On China’s popular reality TV show, You Who Came From Mobile Phones (Láizì shǒujī de nǐ) livestreaming Diva Viya was asked how much she earned. Her reply was “less than ¥10 billion ($1.4 billion).” Anyone who has been following the renaissance of livestreaming in China over the past 18-months – and particularly since the coronavirus outbreak – is likely to have shaken their head if she’d said anything that wasn’t in the billions.
On Singles’ Day alone last year Viya clocked ¥2.7 billion ($380 million) of sales. With a six-figure set-fee for a slot on her stream, and commission charges between 20-40%, it’s fair to say that Viya has a pretty good business at the moment. Not many people could attract over 4 million viewers to watch an hour-long Telsa test drive; and even fewer could sway more than 800 people to pay ¥500K ($71K) deposits for discounted rockets within 5 minutes. As China Skinny’s Andrew Atkinson noted this week, “is there a more powerful marketer than Viya on the planet at the moment?”
The success of livestreaming spans far beyond Viya and other big names like Austin Li, Mingzhu Dong and Yonghao Luo. Everyone from chefs broadcasting cooking lessons and farmers shifting their harvest, to shop attendants selling fashion and curators giving museum tours have jumped on the livestreaming craze. Just last week, JD entered a partnership with Kuaishao to ensure it maximises the livestreaming opportunity in the leadup to its 618 shopping festival. In the first three months of this year, more than 4 million commerce-enabled livestreaming sessions took place in China across various platforms.
Chinese cosmetics brand Forest Cabin did its bit to bolster those numbers. After the outbreak saw it temporarily close about half of its 337 brick and mortar stores in China – and very little footfall came to the stores remaining open – things were looking grim. Revenue dropped 90% and losses topped ¥30 million ($4.26 million) a month. As a matter of survival, the company embarked on a turnaround strategy, with livestreaming at its centre. Forest Cabin trained 1,600 shop attendants on how to host a livestream and were soon adding around 3,000 new loyalty members a day, up from their run rate of 800 to 1,000 people. The brand’s founder even hosted a two-hour session in front of 60,000 viewers, who collectively spent close to ¥400,000 ($56K) on camellia moisturising oil. Since the outbreak, the brand’s online sales have increased from 25% to 90% of revenue.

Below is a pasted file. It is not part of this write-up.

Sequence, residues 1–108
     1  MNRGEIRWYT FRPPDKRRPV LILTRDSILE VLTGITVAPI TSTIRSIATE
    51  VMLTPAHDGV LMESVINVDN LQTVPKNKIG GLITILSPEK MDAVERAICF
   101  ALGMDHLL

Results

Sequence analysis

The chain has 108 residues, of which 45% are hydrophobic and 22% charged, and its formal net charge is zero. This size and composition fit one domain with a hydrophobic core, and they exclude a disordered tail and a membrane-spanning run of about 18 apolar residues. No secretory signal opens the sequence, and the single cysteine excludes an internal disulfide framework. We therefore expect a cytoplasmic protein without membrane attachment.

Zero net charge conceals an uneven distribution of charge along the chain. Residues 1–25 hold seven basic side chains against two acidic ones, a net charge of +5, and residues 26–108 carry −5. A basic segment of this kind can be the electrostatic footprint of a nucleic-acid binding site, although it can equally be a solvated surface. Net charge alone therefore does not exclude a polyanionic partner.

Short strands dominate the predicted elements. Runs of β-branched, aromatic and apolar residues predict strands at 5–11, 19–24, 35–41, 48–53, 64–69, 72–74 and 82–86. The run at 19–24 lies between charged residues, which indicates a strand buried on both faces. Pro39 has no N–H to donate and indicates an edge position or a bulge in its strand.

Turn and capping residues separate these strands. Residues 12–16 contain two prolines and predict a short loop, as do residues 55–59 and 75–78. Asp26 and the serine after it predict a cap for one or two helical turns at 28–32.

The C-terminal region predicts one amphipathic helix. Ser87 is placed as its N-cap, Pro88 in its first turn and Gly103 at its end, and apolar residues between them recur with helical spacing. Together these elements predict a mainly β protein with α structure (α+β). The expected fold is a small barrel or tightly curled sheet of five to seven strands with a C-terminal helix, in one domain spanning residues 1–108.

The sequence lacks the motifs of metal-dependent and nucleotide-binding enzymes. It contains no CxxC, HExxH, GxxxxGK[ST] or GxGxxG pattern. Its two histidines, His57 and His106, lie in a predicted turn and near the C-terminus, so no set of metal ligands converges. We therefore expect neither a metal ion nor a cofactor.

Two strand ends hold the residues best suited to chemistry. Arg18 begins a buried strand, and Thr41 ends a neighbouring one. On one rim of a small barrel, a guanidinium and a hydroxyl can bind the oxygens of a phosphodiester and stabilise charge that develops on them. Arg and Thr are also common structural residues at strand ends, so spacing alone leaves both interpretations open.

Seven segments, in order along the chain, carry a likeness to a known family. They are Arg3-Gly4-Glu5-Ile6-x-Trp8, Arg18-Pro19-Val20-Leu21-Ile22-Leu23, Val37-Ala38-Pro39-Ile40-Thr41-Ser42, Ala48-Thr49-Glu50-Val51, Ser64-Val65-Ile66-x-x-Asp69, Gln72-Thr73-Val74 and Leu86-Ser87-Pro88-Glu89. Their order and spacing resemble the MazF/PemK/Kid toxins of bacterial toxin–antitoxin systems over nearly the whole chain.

Whilst there are many success stories, livestreaming isn’t just a case of jumping in front of a smartphone and broadcasting on one of the numerous platforms, as home appliance giant Gree will tell you. It’s first livestreaming attempt grossed ¥230,000 ($32,268). But with some better planning and execution, its second session on Monday notched up sales of ¥1 billion ($140.2 million) in just three hours.
So what’s next for livestreaming? We may well see more virtual livestreaming stars such as Luo Tianyi, who charges close to ¥1 million just to show up – notably higher than all of the other livestreamers, including Viya! It’s also likely that livestreaming will expand abroad as Chinese platforms hope to emulate the success of Tiktok’s global expansion. Alibaba has already started its international recruitment drive, in which it hopes to lure over a million Insta and Tiktok influencers over the next three years to help attract users to the service. Whether you’re selling in China or beyond, it would be wise to be across this channel. China Skinny can assist you.
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